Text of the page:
Cambrian Wildwood is a project run by the charity Wales Wild Land Foundation.

Set in the northern part of the Cambrian Mountains in West Wales, the project will restore the native forest and other natural habitats to the area and reintroduce some of the missing native species. The initial focus is on Bwlch Corog, a 350 acre (140 hectare) stretch of land, flanked by higher hills, both moorland Sites of Special Scientific Interest (SSSIs). Most of the area is currently dominated by purple moor grass (Molinia caerulea). A relatively small area in the northern corner is ancient woodland alongside a couple of streams, with adjacent open ground dominated by bracken. In time, we hope to allow the wildwood to spread with further land purchase and by other landowners participating to make 7,500 acres (3,000 hectares). Set in a remote corner of the Cambrian mountains, Bwlch Corog lies 3 kilometers from a woodland Special Area of Conservation (SAC) and adjacent to a woodland SSSI.

The project will begin with planting around 8,000 native trees in two areas: these will provide a seed source for the natural colonization of woodland across the site more generally and enable us to introduce native tree species that once grew here but are no longer present locally. By blocking the drainage grips that crisscross the site, the swathes of purple moor grass will revert to blanket bog in the wetter areas. And combined with light grazing by wild horses, the drier areas will revert to heather moorland. Native tree cover will increase naturally to develop into areas of woodland at different stages and scattered trees across more open ground.

Through this habitat restoration work, the project will create the right conditions for bringing back some of the native animal species that are currently absent from the landscape. Species restoration can be achieved through natural colonization, as bird species will migrate to the area, in search of their favoured habitats. For less mobile species, reintroduction programs will be researched extensively for feasibility. We hope to see red squirrel (Sciurus vulgaris) leaping through the wildwood, mountain hares (Lepus timidus) boxing on the mountainsides in spring, water voles (Arvicola terrestris) messing about on the riverbanks, and the elusive pine marten (Martes martes) slinking down the tree trunks. Wales has recently seen successful introduction programs, such as the Pine Marten Recovery Project of The Vincent Wildlife Trust and the The Wildlife Trusts’ various water vole reintroduction projects throughout Wales and the UK, and Cambrian Wildwood hopes to contribute to this pioneering work.

Cambrian Wildwood, following rewilding principles, has introduced wild horse (Equus ferus) as a close relative of the now extinct tarpan. We will introduce other native large herbivores at suitable stages in the project, for example Highland cattle (Bos taurus), a close relative of the now extinct aurochs. We expect roe deer (Capreolus capreolus) to migrate into the area, and the project will evaluate the case for the return of red deer (Cervus elaphus) to the wider area.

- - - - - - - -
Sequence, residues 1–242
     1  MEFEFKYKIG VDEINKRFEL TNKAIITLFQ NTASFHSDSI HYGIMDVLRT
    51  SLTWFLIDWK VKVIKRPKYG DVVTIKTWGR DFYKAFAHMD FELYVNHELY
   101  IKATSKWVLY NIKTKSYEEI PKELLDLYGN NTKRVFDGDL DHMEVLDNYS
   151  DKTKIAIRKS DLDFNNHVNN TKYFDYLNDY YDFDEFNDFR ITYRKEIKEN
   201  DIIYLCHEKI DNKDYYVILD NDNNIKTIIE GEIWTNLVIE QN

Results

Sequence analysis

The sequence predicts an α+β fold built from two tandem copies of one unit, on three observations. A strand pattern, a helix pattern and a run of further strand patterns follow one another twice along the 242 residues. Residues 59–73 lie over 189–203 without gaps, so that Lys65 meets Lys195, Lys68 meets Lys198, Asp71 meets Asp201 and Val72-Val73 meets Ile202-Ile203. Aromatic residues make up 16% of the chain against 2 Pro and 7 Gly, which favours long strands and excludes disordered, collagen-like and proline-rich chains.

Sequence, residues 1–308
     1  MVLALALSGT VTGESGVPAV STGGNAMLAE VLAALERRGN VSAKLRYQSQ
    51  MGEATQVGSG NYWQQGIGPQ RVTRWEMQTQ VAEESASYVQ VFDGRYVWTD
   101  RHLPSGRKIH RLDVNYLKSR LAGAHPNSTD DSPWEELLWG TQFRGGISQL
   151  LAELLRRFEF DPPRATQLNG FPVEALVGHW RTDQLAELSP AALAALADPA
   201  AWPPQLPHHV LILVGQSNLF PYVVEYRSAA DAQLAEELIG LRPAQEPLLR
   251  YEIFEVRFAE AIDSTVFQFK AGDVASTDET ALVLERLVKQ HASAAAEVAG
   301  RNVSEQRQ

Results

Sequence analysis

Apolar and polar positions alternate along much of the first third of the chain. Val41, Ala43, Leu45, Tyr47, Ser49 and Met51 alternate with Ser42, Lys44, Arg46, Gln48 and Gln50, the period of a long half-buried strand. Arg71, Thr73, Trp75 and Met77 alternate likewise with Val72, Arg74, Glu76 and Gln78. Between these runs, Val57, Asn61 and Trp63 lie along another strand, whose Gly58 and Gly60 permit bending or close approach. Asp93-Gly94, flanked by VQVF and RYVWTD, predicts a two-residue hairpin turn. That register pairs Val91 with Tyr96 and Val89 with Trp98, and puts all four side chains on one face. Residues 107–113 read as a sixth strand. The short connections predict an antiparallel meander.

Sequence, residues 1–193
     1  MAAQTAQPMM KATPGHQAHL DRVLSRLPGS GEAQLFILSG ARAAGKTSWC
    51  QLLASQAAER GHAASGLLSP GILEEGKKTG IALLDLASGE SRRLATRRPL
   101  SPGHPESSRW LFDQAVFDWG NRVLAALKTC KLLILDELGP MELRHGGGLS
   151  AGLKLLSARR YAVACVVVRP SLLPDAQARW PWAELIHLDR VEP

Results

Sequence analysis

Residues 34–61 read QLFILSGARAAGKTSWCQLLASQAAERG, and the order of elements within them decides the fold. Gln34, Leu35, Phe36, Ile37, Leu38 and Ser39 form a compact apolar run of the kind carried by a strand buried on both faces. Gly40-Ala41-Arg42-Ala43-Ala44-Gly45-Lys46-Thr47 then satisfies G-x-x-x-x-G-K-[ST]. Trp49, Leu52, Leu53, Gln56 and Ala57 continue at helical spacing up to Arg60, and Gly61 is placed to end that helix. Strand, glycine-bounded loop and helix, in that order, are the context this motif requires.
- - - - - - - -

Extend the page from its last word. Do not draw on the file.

Following purchase of Bwlch Corog in May 2017, surveys are being carried out to establish what birds, plants, mammals and invertebrates are present – providing baseline data to see how things change over the years. Survey reports are available on our web page Our Land – Bwlch Corog.

We have improved access to the land through footpath and bridleway maintenance and creation. Members of the public can roam across the moors, camp in the wildwood, picnic by the tinkling streams, observe unfettered nature and glimpse the wild animals. The project includes a program of activities for primary schools and a program of youth camps. We hold regular volunteer work days at Bwlch Corog, generally once a month. And we are developing a program of events and courses to be held on site. With the site being remote, it will not attract a large volume of visitors. Instead, the activity programs will encourage and enable a smaller number of people to spend longer periods at Bwlch Corog, with the remoteness being a feature of the experience. Managing the project to attract smaller numbers of visitors prevents potential issues with regards to volume of traffic.

We are hoping to build two shelters for storage and workshop space and as havens for people to shelter from the elements while they are working on the land. These will be built following low-impact sustainable building methods, and maximizing use of natural materials. The visual impact in the landscape will be kept to a minimum with the shelters nested into the hillside at a former stone quarry. They will be timber-framed using larch from our own plantation, and with natural wall materials and turf rooves. A planning application for these is currently being assessed by the county council.

We had ideas about making these shelters available as simple bunk barn type accommodation one day, with a plan to submit a planning application for change of use if we wanted to pursue the idea. We have been consistently transparent about this plan, mentioning it in communications about the shelters and to the planning officer. Having investigated the building regulations further, it appears that the conditions for this will be unreasonably demanding. We have therefore abandoned plans for including overnight stays in the current planning application or for any future application for change of use.

There are rewilding projects going on in England, Scotland and Wales. You can find out all about them at Rewilding Britain.